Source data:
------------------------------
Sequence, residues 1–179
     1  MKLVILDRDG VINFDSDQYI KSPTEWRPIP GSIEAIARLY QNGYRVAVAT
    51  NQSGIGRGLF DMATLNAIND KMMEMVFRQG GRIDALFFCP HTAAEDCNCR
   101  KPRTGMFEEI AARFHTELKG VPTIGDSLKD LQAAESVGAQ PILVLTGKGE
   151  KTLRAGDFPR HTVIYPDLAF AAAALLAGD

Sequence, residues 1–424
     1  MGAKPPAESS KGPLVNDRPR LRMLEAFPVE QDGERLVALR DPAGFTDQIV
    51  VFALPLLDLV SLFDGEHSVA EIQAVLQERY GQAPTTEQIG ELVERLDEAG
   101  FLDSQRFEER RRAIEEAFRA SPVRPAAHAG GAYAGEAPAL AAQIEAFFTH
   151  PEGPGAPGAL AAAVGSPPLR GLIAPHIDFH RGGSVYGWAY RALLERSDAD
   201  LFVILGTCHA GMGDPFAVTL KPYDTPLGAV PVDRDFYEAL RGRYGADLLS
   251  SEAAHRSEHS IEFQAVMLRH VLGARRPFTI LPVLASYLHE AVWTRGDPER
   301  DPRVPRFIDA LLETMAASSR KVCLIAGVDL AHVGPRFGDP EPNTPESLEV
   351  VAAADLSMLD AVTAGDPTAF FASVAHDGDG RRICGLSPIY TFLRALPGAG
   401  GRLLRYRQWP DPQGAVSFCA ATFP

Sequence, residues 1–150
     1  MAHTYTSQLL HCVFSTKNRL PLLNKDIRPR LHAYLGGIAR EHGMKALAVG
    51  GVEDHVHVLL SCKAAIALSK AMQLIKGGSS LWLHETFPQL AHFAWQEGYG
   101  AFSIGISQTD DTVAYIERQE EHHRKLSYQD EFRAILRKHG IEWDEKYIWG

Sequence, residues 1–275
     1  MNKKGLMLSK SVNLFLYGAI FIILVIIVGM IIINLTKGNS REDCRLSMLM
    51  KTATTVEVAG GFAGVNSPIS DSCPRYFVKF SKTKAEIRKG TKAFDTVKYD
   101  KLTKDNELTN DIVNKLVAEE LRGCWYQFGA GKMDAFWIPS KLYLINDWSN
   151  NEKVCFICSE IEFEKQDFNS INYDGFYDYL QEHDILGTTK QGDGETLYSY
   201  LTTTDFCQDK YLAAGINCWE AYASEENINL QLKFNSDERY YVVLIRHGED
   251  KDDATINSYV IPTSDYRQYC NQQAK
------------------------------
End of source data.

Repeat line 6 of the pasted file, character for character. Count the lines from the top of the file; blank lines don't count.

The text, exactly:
Sequence, residues 1–424